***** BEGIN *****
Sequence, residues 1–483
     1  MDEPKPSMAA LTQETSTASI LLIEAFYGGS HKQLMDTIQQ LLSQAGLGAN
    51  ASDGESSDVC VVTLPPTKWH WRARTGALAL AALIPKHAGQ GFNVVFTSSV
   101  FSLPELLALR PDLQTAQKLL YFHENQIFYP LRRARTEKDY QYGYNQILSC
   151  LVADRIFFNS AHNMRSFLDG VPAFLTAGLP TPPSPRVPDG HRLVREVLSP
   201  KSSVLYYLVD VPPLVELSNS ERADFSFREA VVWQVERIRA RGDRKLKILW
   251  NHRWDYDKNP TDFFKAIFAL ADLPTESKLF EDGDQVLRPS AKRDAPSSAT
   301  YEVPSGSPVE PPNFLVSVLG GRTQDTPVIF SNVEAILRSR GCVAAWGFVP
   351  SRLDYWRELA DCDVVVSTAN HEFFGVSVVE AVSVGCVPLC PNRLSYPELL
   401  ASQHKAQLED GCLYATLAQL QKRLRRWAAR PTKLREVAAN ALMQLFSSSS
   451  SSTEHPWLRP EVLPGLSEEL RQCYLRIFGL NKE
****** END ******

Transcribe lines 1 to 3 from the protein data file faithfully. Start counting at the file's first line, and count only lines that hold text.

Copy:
Sequence, residues 1–483
     1  MDEPKPSMAA LTQETSTASI LLIEAFYGGS HKQLMDTIQQ LLSQAGLGAN
    51  ASDGESSDVC VVTLPPTKWH WRARTGALAL AALIPKHAGQ GFNVVFTSSV